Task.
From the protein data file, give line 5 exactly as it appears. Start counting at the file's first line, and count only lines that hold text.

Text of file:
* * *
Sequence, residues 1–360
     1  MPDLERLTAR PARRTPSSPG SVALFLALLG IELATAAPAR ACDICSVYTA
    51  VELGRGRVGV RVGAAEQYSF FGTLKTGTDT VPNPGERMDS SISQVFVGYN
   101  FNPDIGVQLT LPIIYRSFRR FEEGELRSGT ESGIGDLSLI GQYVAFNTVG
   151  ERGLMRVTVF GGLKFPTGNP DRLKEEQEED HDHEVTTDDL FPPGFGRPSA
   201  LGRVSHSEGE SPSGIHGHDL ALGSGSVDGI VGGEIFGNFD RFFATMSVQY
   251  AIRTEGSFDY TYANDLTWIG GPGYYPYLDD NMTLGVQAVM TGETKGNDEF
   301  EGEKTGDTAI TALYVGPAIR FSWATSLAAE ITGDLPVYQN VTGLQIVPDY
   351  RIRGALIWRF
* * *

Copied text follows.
   151  ERGLMRVTVF GGLKFPTGNP DRLKEEQEED HDHEVTTDDL FPPGFGRPSA